Performance in School Linked to Risk of Developing Dementia

Study demonstrates that the correlation between school grades, one's level of formal education and career complexity makes a big difference in the risk for developing dementia
Early School Grades Linked to Dementia


At this year’s Alzheimer’s Association International Conference (AAIC), a press release was given about the results of a study done on “the role of childhood school performance, education and the complexity of a person’s job on the risk of dementia.” At the Aging Research Center and Department of Clinical Neuroscience, Karolinska Institutet & Stockholm University, Stockholm, Sweden, Hui-Xin Wang, PhD and her colleagues examined 440 men and women, already involved in “a longitudinal population-based study on aging and dementia” known as “The Kungsholmen Project.” All men and women in the study had good cognitive functioning at its onset.

Researchers followed up with participants nine years later and discovered that 163 of them, about 37 percent, had developed dementia. In order to better understand this development, “the results were cross-referenced with school grades in five elementary school subjects (mathematics, reading, geography, history, and writing) from when the participants were nine or 10 years old. The researchers also had collected information on the participants’ formal education and occupational complexity.”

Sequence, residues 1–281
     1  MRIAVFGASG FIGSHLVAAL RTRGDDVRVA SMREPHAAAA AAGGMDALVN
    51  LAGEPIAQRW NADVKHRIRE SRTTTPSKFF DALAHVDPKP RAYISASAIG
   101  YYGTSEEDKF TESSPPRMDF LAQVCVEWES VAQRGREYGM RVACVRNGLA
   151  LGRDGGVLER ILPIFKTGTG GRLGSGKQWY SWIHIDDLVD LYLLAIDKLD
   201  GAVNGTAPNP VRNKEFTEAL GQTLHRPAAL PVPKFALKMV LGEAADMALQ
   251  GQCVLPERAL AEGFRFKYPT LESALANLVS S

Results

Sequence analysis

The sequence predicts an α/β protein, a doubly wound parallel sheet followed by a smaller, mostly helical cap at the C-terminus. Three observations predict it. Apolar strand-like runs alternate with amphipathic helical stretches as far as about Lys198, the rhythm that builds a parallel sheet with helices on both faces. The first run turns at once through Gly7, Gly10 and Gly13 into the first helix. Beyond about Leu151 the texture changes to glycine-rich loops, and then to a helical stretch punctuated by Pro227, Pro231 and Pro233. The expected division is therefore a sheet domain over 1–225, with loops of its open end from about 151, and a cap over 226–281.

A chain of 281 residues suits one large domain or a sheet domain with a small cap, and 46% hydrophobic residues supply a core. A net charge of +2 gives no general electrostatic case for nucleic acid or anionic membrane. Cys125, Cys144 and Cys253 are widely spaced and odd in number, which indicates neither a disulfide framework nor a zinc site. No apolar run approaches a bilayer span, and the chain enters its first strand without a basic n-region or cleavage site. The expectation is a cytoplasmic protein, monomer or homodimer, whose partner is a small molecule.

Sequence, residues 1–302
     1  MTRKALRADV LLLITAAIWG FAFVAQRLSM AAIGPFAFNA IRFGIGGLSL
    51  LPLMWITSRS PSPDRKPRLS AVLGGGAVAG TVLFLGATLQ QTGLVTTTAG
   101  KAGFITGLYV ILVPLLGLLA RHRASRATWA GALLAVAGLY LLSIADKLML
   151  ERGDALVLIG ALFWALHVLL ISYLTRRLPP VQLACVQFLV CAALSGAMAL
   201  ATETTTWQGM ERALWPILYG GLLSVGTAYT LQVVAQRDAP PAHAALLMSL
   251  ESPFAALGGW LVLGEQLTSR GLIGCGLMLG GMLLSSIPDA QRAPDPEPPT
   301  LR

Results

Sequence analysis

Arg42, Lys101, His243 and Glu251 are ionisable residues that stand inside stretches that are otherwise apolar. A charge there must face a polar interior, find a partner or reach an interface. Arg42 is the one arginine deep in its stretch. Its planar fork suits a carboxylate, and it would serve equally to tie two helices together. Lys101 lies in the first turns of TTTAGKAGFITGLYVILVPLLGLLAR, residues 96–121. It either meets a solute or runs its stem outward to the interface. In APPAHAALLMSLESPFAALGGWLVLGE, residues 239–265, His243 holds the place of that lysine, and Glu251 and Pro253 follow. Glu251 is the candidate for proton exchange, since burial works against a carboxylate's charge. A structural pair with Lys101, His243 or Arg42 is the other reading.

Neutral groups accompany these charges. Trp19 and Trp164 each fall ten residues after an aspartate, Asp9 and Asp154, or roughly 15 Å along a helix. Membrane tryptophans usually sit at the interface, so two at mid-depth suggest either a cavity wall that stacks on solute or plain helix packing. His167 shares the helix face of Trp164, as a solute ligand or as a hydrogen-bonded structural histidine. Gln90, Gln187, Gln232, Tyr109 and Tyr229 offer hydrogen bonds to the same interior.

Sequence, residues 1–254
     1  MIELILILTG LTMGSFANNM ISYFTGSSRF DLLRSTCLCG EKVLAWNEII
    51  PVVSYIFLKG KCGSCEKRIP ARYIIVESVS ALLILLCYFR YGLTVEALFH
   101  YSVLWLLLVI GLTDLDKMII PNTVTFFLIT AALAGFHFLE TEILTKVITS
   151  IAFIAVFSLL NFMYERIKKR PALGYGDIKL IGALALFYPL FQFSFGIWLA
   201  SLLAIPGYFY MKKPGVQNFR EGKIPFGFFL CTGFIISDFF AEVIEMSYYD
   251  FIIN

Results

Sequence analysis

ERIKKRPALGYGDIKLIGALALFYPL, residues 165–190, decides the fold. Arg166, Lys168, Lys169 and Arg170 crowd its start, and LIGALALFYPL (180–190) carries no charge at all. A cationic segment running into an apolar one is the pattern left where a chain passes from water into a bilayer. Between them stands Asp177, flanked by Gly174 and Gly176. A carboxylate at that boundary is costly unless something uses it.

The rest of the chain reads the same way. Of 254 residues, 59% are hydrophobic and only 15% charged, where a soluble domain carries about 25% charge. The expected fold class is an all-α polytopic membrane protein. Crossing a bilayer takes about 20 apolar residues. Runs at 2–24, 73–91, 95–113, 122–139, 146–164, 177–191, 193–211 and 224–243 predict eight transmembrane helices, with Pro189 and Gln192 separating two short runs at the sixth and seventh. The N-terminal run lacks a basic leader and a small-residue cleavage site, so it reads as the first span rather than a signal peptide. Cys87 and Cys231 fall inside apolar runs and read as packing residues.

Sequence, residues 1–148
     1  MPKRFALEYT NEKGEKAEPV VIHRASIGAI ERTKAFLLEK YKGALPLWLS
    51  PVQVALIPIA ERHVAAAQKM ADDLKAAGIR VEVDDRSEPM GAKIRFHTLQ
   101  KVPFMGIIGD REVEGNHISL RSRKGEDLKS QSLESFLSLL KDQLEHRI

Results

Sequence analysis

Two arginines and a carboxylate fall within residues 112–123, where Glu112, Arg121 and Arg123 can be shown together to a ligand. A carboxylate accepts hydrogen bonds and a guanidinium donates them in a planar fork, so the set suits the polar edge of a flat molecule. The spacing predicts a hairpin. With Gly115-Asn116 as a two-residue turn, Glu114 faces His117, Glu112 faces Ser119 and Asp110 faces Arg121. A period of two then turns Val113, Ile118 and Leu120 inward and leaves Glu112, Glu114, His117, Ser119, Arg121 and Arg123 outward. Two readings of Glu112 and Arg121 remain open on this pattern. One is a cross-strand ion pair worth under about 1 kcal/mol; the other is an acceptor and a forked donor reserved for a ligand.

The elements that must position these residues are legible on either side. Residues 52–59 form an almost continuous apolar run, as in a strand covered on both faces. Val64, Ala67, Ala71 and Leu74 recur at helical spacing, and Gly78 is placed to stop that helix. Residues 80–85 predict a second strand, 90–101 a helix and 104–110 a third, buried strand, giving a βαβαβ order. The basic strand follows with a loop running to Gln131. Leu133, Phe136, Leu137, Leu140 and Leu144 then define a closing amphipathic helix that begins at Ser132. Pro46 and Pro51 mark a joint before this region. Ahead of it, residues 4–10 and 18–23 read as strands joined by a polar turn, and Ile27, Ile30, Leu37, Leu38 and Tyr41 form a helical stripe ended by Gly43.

These early school grades made a big difference in who was at the biggest risk for developing dementia. Regardless of whether they completed more formal education or held a job of higher complexity, those who ranked in the lowest 20 percent of early school grades had more than a 50 percent risk in developing dementia. On the other hand, participants had a 28 percent lower risk of developing dementia if they completed secondary education instead of just elementary education. The final correlation that researchers found between grades and risk of dementia was that “women in the study who had an occupation with high complexity with people (e.g., high demands on negotiating, instructing, and supervising) were at 60 percent lower [of a] risk of developing dementia compared to those who had an occupation with low complexity with people.” As Wang puts it, “These findings suggest that early-life cognitive ability may be an important predictor of dementia in late life.”

What are your thoughts about this recent study? We look forward to your comments below.

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